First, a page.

A family of backward- ass rednecks terrorize a group of friends (and a total asshole that everyone hates that is with them) who are on a camping trip. It seems that the family’s hobby is killing anyone stupid enough to come into their neck of the woods and then selling the dead bodies to a little mom and pop-type restaurant that takes pride in its special hamburgers. Will anyone in the group get out of the woods alive or will all of them end up being served with French fries, cole slaw, and a pickle on the side?
I love low budget movies. In my opinion I think that most movies that have little to no budget are often times a lot better than any multi-million dollar blockbuster starring A-list actors that Hollywood keeps churning out. The reason I feel this way? Because most low budget filmmakers put his or her blood, sweat, and tears in to his or her film and as a result the movie is a labor of love that has a lot of heart, something that most mainstream movies lack. Lunch Meat is an example of one of these low budget movies. Is it a great movie? No. Is it even a good movie? No, not really to be honest, but it is apparent that the people who worked on it put a lot of effort into it even though they most likely had a shoestring budget. It may not be the best horror movie I have ever seen, but I have a hard time knocking it based on the fact that the people behind it worked hard on it and I admire their commitment to their art. With that being said, let’s take a look at this thing and see what works and what doesn’t.
I think that one of the film’s biggest flaws is that it is just not original at all. I am certain that the filmmakers were heavily influenced by films such as The Texas Chainsaw Massacre, Two Thousand Maniacs!, Just Before Dawn, and many other similar movies that featured some sort of demented hillbillies stalking and killing poor defenseless people and eating them (or serving them to the unsuspecting public). Hell, there are scenes that were pretty much lifted from some of these films (the bit with the detour signs pops to mind immediately), and I’m not sure if they are a homage to the original films or just blatant rip-offs. At any rate, I (as well as your average horror fan) have seen this premise over and over and over again and Lunch Meat doesn’t do anything new or groundbreaking with the idea.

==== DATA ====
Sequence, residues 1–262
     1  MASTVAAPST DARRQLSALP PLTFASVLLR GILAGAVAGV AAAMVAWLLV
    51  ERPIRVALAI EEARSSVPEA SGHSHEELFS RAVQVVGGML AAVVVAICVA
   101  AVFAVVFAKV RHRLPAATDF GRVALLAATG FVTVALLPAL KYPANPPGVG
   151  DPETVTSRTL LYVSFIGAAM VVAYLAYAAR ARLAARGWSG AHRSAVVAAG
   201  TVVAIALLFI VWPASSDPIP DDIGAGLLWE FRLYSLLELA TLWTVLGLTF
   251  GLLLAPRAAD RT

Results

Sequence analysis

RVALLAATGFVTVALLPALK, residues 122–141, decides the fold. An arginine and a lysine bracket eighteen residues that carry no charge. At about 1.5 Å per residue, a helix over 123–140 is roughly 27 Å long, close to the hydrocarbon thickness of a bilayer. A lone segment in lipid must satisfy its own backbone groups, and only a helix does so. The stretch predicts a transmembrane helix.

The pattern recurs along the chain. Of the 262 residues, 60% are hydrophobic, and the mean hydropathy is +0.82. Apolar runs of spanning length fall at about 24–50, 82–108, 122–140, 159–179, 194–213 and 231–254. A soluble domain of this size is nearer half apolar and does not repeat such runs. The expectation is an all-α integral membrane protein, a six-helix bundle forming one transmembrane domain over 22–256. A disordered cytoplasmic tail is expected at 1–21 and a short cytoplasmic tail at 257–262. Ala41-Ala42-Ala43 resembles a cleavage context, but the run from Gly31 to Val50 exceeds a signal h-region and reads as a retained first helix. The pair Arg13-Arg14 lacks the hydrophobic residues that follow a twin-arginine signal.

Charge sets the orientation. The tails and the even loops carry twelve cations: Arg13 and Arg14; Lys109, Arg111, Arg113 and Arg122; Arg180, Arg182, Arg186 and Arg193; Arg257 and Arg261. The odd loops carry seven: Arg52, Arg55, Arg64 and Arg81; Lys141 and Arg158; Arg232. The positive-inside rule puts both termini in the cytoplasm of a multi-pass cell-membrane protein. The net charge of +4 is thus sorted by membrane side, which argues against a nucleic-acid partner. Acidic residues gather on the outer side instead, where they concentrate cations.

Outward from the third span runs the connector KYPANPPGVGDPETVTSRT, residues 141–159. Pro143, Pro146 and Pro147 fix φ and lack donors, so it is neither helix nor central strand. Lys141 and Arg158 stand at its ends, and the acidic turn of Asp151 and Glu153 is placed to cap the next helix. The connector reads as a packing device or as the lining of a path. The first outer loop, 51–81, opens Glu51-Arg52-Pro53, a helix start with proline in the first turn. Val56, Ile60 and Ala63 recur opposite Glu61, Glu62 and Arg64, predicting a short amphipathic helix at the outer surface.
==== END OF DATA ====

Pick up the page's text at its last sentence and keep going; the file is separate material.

I also feel like I have to mention the fact that the acting is horrible (with the exception of the father of the redneck family, but I don’t think that he was actually acting). I know that the people in it are probably just friends and family members of the filmmakers, but I think they could have at least tried to put a little more into the roles that they are playing. Most of them basically just read their lines (and at times they seem to struggle with even that) and don’t bother using any emotion at all. I have seen a lot of movies that had bad acting, but I think that the guy who plays the rich asshole that the rest of the group hates (can’t recall his name but he sounds just like Kermit the Frog when he speaks) is the World Heavyweight Champion of bad actors (and yet he is better than Nicholas Cage).
On the flip side, there are some pretty cool death scenes and the effects are actually pretty impressive considering the small budget that the filmmakers had to work with. We get a butt load of stabbings, some fun with a pick axe, and a decapitation. While the effects aren’t quite at the level of what Rob Bottin or Tom Savini would do they still look pretty damn good for the most part.
Lunch Meat (why is it called this when the people they killed are turned into hamburgers? Wouldn’t it make more sense to call it Hamburger Meat?) isn’t a bad movie, but I wouldn’t be in any kind of a rush to revisit it anytime soon. I have seen a lot worse, but I don’t think there is any possibility of it becoming my favorite movie of all time or anything. I think that most horror fans (especially the ones that are into the 80’s slashers) will get a kick out of it though, so check it out if the opportunity presents itself.
Lunch Meat (1987)